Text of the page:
Perhaps a free consultation that will determine whether the prospect needs your service and why.
Or maybe a digital download that shows a prospect how to use your product effectively.
When you give a prospective customer something of value, it helps to build a relationship and establishes reciprocity, where the prospect then feels an obligation to become your customer.
2. Social Proof – Social proof has been around since long before social networks existed. Basically social proof is establishing that other people are using your product or service and raving about it.
The very first example that comes to mind is testimonials. If you are not using testimonials in your business, then you are not using your marketing skills to their fullest.
Another example of social proof is reviews. If you look at the largest retailer in the world, Amazon, they are masters at social proof.
Think of the last time you shopped at Amazon. If you didn’t read the reviews about the product that you were considering purchasing, then you are in the minority.
3. The Rule of Sevens – The rule of sevens is one of the marketing rules that I learned way back in college and it is still incredibly important today.
This marketing rule states that the average customer has to see your product or message at least seven times before deciding to purchase.
I see so many businesses that give up on a customer or a campaign too early. You have to stick with it and make sure that your prospects have had ample opportunity to investigate and decide on your product and service.
Don’t be one of those businesses that is only good at one thing. It is a very competitive marketplace out there regardless of your niche.
In order to survive in today’s competitive climate, you must be good at many things.
Put these 3 marketing rules to work in your business today and begin to see the effects of their power in increasing your sales and customer retention.
Two of my favorite things are art and marketing, so today I am going to combine my two interests and write about the art of the sale.
Let’s face it, marketing is nothing more than finding a way to get conversions. And what are conversions?
Yes, they are sales.
Many marketers will tell you that selling is an art form, yet many others will say it is not an art, it is a skill.
I will take that one step further and profess that selling is a skill, but when perfected, it is an art form. Otherwise, what other explanation would there be for the highly skilled salesman that makes many more sales than another highly skilled salesman in the same field.
I’ll give you the explanation…
The more successful salesman has perfected his craft to the point that it is an art form.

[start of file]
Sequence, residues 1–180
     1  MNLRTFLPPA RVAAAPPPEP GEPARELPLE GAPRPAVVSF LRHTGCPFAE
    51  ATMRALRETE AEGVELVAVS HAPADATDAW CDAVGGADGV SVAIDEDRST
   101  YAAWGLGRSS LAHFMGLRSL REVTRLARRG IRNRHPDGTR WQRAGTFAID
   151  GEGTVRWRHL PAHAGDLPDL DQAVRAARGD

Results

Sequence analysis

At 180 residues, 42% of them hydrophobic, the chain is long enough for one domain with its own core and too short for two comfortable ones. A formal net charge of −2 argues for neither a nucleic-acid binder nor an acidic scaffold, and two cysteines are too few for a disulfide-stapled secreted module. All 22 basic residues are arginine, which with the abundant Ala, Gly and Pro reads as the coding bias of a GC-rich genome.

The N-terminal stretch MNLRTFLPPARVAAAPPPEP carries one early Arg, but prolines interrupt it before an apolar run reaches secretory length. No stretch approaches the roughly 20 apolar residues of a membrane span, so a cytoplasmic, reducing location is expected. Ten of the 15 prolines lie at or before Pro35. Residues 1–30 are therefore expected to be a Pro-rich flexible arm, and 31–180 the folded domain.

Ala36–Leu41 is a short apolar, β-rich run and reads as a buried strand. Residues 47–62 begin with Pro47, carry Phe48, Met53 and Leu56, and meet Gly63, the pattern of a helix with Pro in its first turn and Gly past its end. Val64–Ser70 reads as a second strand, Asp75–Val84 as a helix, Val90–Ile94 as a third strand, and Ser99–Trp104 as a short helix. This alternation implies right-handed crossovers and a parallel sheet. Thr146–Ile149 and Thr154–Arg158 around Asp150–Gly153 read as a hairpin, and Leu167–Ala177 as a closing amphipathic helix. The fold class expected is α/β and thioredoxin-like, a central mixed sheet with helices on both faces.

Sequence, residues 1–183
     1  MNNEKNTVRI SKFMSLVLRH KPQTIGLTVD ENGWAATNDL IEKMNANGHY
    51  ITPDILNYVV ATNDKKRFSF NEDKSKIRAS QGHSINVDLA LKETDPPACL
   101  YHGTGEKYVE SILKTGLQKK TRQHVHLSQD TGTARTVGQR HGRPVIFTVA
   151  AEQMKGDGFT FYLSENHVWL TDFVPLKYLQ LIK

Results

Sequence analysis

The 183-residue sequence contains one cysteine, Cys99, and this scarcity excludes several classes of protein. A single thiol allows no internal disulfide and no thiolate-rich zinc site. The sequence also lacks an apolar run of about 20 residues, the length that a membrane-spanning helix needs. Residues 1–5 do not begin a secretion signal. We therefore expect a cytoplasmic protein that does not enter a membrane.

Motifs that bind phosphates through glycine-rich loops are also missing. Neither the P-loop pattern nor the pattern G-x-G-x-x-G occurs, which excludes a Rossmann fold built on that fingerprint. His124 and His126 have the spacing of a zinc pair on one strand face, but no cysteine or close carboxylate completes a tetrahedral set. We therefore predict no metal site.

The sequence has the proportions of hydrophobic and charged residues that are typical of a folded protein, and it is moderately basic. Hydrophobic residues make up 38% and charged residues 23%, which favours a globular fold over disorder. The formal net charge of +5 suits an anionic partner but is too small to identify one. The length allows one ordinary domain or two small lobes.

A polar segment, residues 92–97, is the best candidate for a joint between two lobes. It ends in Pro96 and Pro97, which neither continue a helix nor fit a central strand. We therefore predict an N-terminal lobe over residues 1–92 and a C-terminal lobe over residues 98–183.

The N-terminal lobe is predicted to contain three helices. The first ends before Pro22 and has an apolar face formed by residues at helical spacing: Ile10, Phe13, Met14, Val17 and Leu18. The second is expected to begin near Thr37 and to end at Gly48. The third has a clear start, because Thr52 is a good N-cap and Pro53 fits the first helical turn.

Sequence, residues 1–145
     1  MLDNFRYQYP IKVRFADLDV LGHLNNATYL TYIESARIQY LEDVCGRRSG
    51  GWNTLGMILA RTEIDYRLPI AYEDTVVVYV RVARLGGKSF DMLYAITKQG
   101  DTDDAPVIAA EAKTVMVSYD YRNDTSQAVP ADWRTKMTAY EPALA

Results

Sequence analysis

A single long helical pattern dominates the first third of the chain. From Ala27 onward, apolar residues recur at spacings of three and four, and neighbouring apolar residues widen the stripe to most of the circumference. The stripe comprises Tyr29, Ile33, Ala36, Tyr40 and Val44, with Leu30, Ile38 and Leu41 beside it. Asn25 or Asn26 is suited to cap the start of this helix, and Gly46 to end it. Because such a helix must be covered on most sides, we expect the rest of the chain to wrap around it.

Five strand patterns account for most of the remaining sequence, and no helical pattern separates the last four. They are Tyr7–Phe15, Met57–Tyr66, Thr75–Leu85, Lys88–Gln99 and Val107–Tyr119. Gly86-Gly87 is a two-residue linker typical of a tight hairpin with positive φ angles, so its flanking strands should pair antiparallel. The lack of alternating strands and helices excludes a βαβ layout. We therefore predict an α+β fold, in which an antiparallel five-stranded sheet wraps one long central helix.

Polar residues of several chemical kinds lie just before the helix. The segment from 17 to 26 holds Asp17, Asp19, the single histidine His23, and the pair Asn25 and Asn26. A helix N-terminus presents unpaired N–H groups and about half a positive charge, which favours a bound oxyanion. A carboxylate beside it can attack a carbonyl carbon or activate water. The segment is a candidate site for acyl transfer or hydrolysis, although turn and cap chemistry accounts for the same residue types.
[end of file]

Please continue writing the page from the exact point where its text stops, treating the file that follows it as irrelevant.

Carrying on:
Some authorities on the subject disagree.
According to this article in Forbes, selling is not and art, but rather a skill that can be learned by anyone.
Here are some suggestions for mastering the art of the sale:
- Find your customers problem and offer them a solution.
- Show your customer the difference that your product or service will make in their lives.
- Provide your customer with value and remember that value is not the cheapest product.
- Don’t sell your product, sell the problem that your product solves.
I think most of us have had at least one terrible sales experience and probably more than one.
Think back. Was it a lack of skill or a lack of artfulness that made that experience so bad.
In his book, “The Art of the Sale”, Philip Delves Broughton suggests that “”It holds that in a properly functioning democracy, no matter the condition of your birth, if you can sell, you can slice through any obstacles of class, status, or upbringing in a way inconceivable in more hidebound societies,” Mr. Delves Broughton writes. “Selling well, in this view, is also a reflection of a healthy character. It means you are the sort of person people are drawn to—hardworking, clean living and trustworthy.”
That may be the whole key to the art of the sale…
To be the kind of person that is hard working, likeable, and trustworthy.
I really enjoyed Mr. Delves Broughton’s book and highly recommend that you add it to your reading list. It is available at Amazon.com.
So the art of the sale is of great importance to everyone, regardless of your profession. If you really think about it, we are all in sales at one time or another. Some of us will sell products, some information and some of us will have to sell ourselves to a prospective employer or the college or university we wish to attend.
At the end of the day, we are all involved in sales in one form or another and every individual could benefit from the art of the sale!